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The scene was straight out of the World Long Drive Championship spectacle. Bryson DeChambeau would consider that a compliment.
He took a slow practice swing, then the next one at full force. Eyes focused, deep breath, chest fully expanded, exhale. Another violent practice swing. And another. Just then, a leaf blew in front of his ball. He stooped over to flick it away, and started the routine over until he was ready to smash his tee shot at the TPC Summerlin in Las Vegas.
DeChambeau walked over to his bag, removed a wrench and tightened the screws on the bottom of his driver.
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Joaquin Niemann couldn’t suppress a smile as he watched this unfold. It was worth the wait. The golf ball came off the club at 198 mph. It hit a small tree right of the fairway, dropping straight down and robbing DeChambeau of what he figured would have been a 400-yard drive.
“I killed it,” he said.
Moments like these are why DeChambeau is the talk of golf going into the Masters.
It has been this way since golf returned in June from the COVID-19 pandemic and DeChambeau showed up with his incredible bulk, more than 40 pounds of muscle and mass, all to support a swing that his producing prodigious shots. He has driven into groups on the green on a par 4. He powered (and putted) his way to the lowest score ever at Winged Foot to win the U.S. Open by six shots.
And he says he is just getting started.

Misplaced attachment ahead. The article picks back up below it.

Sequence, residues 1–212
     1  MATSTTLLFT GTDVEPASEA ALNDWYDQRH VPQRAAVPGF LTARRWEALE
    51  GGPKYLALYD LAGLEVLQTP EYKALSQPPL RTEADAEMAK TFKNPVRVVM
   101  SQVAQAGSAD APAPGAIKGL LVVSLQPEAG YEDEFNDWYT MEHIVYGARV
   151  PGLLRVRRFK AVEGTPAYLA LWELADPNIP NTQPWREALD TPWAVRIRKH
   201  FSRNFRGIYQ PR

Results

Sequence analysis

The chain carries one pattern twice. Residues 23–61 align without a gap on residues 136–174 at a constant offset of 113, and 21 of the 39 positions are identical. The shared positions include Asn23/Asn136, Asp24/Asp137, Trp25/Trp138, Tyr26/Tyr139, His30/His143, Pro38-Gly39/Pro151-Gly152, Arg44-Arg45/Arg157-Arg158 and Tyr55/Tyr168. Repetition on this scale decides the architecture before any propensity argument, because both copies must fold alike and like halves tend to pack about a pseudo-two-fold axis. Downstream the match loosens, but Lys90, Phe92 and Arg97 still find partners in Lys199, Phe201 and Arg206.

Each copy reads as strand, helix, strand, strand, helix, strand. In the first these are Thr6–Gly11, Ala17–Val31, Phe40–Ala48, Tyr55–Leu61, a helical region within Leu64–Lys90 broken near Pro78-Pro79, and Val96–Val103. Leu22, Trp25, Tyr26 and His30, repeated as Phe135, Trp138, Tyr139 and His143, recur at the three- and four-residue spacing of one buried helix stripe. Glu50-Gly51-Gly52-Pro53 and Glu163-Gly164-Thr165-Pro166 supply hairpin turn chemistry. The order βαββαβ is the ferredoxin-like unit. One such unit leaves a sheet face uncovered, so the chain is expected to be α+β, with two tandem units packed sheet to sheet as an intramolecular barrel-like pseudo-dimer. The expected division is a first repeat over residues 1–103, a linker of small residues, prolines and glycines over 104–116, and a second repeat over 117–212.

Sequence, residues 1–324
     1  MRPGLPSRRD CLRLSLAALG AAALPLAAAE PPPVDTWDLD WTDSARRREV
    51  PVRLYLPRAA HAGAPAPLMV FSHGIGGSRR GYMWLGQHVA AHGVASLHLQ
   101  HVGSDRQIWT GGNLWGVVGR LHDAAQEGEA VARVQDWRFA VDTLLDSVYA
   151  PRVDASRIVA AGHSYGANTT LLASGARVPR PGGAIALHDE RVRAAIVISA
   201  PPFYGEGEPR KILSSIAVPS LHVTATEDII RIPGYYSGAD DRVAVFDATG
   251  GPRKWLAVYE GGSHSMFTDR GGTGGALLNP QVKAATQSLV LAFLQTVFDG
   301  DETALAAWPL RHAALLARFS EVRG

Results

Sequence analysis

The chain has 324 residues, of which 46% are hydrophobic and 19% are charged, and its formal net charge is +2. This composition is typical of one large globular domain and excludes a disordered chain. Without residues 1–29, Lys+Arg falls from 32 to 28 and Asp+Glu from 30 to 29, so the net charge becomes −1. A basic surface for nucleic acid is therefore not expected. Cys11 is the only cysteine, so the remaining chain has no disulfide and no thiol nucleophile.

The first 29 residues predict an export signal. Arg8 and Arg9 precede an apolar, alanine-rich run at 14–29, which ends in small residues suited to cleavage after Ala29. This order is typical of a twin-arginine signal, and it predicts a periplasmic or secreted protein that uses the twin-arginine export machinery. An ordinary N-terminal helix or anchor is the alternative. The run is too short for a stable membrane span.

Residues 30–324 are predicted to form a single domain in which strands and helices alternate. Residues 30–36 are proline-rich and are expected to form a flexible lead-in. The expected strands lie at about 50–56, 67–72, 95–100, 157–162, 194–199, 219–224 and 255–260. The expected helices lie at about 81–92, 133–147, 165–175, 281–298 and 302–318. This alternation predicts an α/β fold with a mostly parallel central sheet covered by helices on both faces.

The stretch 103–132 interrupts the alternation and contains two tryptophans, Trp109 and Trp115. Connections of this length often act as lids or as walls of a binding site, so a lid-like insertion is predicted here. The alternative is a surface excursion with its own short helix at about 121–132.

“He went to the nth degree of everything we have available to us — science, TrackMan, biomechanics, everything,” Rory McIlroy said. “Now that we have all that, Bryson is the personality that goes down that rabbit hole more than anyone else. I think that’s credit to him. He’s worked his (tail) off and it’s paying off hugely.
“He’s definitely the most talked about man in golf right now.”
Next stop: Augusta National, where DeChambeau hopes to unveil a 48-inch driver, the legal limit typically seen only in long drive competitions.
That’s where this latest experiment all began. It was a year ago in September when DeChambeau watched Kyle Berkshire win the World Long Drive Championship with his final blast that carried 400 yards.
“The real light-bulb moment,” DeChambeau said. “I said, ’If I could do that and hit it straight, what would happen? 'That was the question that inspired me to go down this road.”
Berkshire said he has never met DeChambeau in person, only over the phone to share ideas — DeChambeau wants power, Berkshire is trying to get back toward tournament golf. He believes DeChambeau is headed done the right path with his program and his relentless passion to think outside the box.
And he thinks it’s a path others will have to follow.
“It’s exciting to see what he’s doing, but not surprising,” Berkshire said. “This will be the new norm. When someone does something that threatens your living, it’s a scary thing. It’s scary when you’re being outhit by 50 yards.”
McIlroy noticed that when golf returned at Colonial in June. He was paired with DeChambeau in the final round, and said there were times he and caddie Harry Diamond couldn’t believe what they were seeing.